Jan. 6, 2011, 1:30 a.m.

Los Salseros de Stanford spice up Stanford community

OLIVIA SIMONE JEW/The Stanford Daily

It’s a regular Wednesday night at the Axe and Palm. Students sit in red leather booths eating, chatting and studying. But something about the scene is different.

In the main room that would normally house more students, salsa music blasts. An eclectic group of Stanford students and Palo Alto locals dance in pairs as two experienced students repeat the counts: “1, 2, 3, turn…5, 6, 7.” Those new to salsa laugh self-deprecatingly as their arms and feet twist awkwardly while the instructors give words of advice and encouragement in one of the weekly salsa lessons sponsored by Los Salseros de Stanford, Stanford’s only salsa-performing team.

Directed by Ariana Borgaily ’12 and Diogenes Brito ’11, Los Salseros performs at cultural diversity fairs, campus fundraisers, such as Salsa for the Cure, and other dance events, and it puts on an annual spring show. The club of 18 women and 16 men rehearses for two hours twice a week in Roble Gym. Los Salseros also holds free weekly beginner and intermediate lessons for students and local residents, as well as free biweekly salsa socials, where anyone can come for a salsa lesson and then a salsa dance party.

For the two directors, being in Los Salseros and dancing salsa in general has been gratifying. Brito, who is half Dominican and half Colombian, grew up listening to salsa music and, with an interest in the music and in joining a dance group on campus, decided to audition. Borgaily, on the other hand, grew up around quite a bit of dancing in El Paso, Texas; she started salsa at 13 years old and saw Los Salseros in the Dance Expo show during Admit Weekend. Both directors have been involved with Los Salseros since freshman year, and both are in their second year as club directors.

The range of Brito and Borgaily’s levels of previous experience with salsa dance mirror the diversity of experience in the rest of the club.

“[There’s] a lot of variety on the team,” Borgaily said. “We have people who had never heard of salsa until they came here, and we have people who had grown up with it for forever…I’d say it’s a pretty nice mix of people.”

Borgaily noted that the skill level of the group tends to vary from year to year, depending on the pool of dancers who audition.

“At least 80 people auditioned this year, and only 13 made it on the team, so it’s pretty competitive,” she said, adding that in auditions, they look for dancers’ potential, style and ability to perform.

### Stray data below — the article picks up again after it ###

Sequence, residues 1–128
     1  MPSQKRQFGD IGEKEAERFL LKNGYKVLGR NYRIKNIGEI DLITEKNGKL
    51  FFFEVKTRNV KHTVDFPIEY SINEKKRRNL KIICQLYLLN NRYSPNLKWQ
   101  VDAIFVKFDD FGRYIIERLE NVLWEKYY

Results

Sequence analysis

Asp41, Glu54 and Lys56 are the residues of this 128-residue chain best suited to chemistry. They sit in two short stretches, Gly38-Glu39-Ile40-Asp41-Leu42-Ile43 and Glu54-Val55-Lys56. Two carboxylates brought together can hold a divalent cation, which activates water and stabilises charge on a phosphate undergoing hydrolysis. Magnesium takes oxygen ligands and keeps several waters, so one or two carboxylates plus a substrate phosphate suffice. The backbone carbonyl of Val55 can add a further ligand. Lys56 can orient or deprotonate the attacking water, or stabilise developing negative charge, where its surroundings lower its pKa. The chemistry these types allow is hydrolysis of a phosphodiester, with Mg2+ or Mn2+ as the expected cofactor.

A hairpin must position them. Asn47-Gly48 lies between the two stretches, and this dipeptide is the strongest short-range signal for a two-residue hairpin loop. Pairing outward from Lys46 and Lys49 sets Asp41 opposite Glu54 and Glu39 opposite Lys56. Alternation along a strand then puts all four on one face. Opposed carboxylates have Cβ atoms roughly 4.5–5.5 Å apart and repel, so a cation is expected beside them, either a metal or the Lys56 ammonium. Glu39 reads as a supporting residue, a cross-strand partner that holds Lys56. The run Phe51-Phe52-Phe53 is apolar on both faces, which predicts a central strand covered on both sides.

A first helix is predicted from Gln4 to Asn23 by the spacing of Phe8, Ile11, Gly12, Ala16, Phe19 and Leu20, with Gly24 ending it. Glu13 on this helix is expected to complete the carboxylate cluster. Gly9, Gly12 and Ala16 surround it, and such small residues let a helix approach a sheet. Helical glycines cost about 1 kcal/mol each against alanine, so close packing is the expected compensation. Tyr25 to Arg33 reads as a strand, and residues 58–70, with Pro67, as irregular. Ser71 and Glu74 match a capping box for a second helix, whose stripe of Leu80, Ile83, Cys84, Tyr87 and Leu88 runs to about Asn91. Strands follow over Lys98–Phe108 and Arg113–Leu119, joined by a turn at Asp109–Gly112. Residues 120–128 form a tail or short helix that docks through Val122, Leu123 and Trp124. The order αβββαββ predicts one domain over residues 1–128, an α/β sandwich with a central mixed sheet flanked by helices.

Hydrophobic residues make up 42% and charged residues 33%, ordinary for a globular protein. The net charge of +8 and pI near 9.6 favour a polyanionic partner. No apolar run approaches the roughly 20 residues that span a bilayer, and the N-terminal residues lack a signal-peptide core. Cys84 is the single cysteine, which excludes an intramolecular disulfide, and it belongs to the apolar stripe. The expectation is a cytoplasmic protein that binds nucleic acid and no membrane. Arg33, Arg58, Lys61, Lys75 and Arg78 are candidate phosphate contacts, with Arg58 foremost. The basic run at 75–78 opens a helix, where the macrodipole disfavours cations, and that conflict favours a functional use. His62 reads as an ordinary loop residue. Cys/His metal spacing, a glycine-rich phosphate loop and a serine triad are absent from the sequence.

While some students have danced salsa since youth and have participated in salsa competitions, others come in with hardly any experience, merely a willingness to learn something new. Two such examples are Ronnie Tisdale ’10, a coterminal student, and Caroline Ferguson ’14.

“To have this opportunity is just incredible,” Tisdale said. “[There’s] solidarity for me being in a group where everyone loves it. It’s a skill everyone deep inside wants to have…it’s the culture for me. I just love being in the environment. I can practice my Spanish, and I love the music and the dancing.”

“It’s something I always wanted to try,” Ferguson said. “I had never danced salsa before. I did a lot of hip hop and tap classes, but I just wanted to try. It looks really cool, and everyone is really, really nice and good about correcting you.”

Indeed, at rehearsals, a strong sense of community exists between members. As they filed into the brightly lit studio, they cheerily started pairing up and dancing to salsa-infused versions of songs by Justin Timberlake and Maroon 5, doing dips and turns and reviewing choreography from previous rehearsals.

“I like to think it’s a really good community, a social group with a salsa problem,” Brito said. “We perform and stuff…but I think it’s really about becoming a better social dancer, because this is one of the few things you can do after college. I mean, every major city has salsa clubs and has a salsa community…and it’s cool to be able to have an outside group of friends here. My year, I felt like everyone was super nice when I joined, and since then, I think other people have felt the same way.”

Borgaily described a salsa outing some of the members took in November to the International Salsa Congress in San Francisco, an annual cultural event where people from all over the world travel to a different city to take workshops, watch performances and enjoy Latin food. With large salsa communities and events like this going on around the Bay Area, Los Salseros aims to “spread the knowledge of salsa,” in the words of Borgaily.

“As the only salsa group on campus…trying to get a little bit of that here on campus within our little bubble is important.”

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